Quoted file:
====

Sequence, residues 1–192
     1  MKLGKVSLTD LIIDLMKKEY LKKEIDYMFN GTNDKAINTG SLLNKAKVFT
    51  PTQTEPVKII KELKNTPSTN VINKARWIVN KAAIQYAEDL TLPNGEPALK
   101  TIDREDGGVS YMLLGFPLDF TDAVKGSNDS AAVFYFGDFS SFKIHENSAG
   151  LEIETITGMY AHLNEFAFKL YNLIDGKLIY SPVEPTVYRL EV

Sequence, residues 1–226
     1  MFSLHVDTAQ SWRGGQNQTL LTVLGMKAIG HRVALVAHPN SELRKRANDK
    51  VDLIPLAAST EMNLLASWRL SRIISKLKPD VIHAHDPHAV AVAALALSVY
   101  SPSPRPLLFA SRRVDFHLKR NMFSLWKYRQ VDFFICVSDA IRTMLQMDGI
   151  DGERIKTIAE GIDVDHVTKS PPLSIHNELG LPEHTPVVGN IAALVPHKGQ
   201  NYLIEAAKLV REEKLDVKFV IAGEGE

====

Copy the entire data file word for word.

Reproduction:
Sequence, residues 1–192
     1  MKLGKVSLTD LIIDLMKKEY LKKEIDYMFN GTNDKAINTG SLLNKAKVFT
    51  PTQTEPVKII KELKNTPSTN VINKARWIVN KAAIQYAEDL TLPNGEPALK
   101  TIDREDGGVS YMLLGFPLDF TDAVKGSNDS AAVFYFGDFS SFKIHENSAG
   151  LEIETITGMY AHLNEFAFKL YNLIDGKLIY SPVEPTVYRL EV

Sequence, residues 1–226
     1  MFSLHVDTAQ SWRGGQNQTL LTVLGMKAIG HRVALVAHPN SELRKRANDK
    51  VDLIPLAAST EMNLLASWRL SRIISKLKPD VIHAHDPHAV AVAALALSVY
   101  SPSPRPLLFA SRRVDFHLKR NMFSLWKYRQ VDFFICVSDA IRTMLQMDGI
   151  DGERIKTIAE GIDVDHVTKS PPLSIHNELG LPEHTPVVGN IAALVPHKGQ
   201  NYLIEAAKLV REEKLDVKFV IAGEGE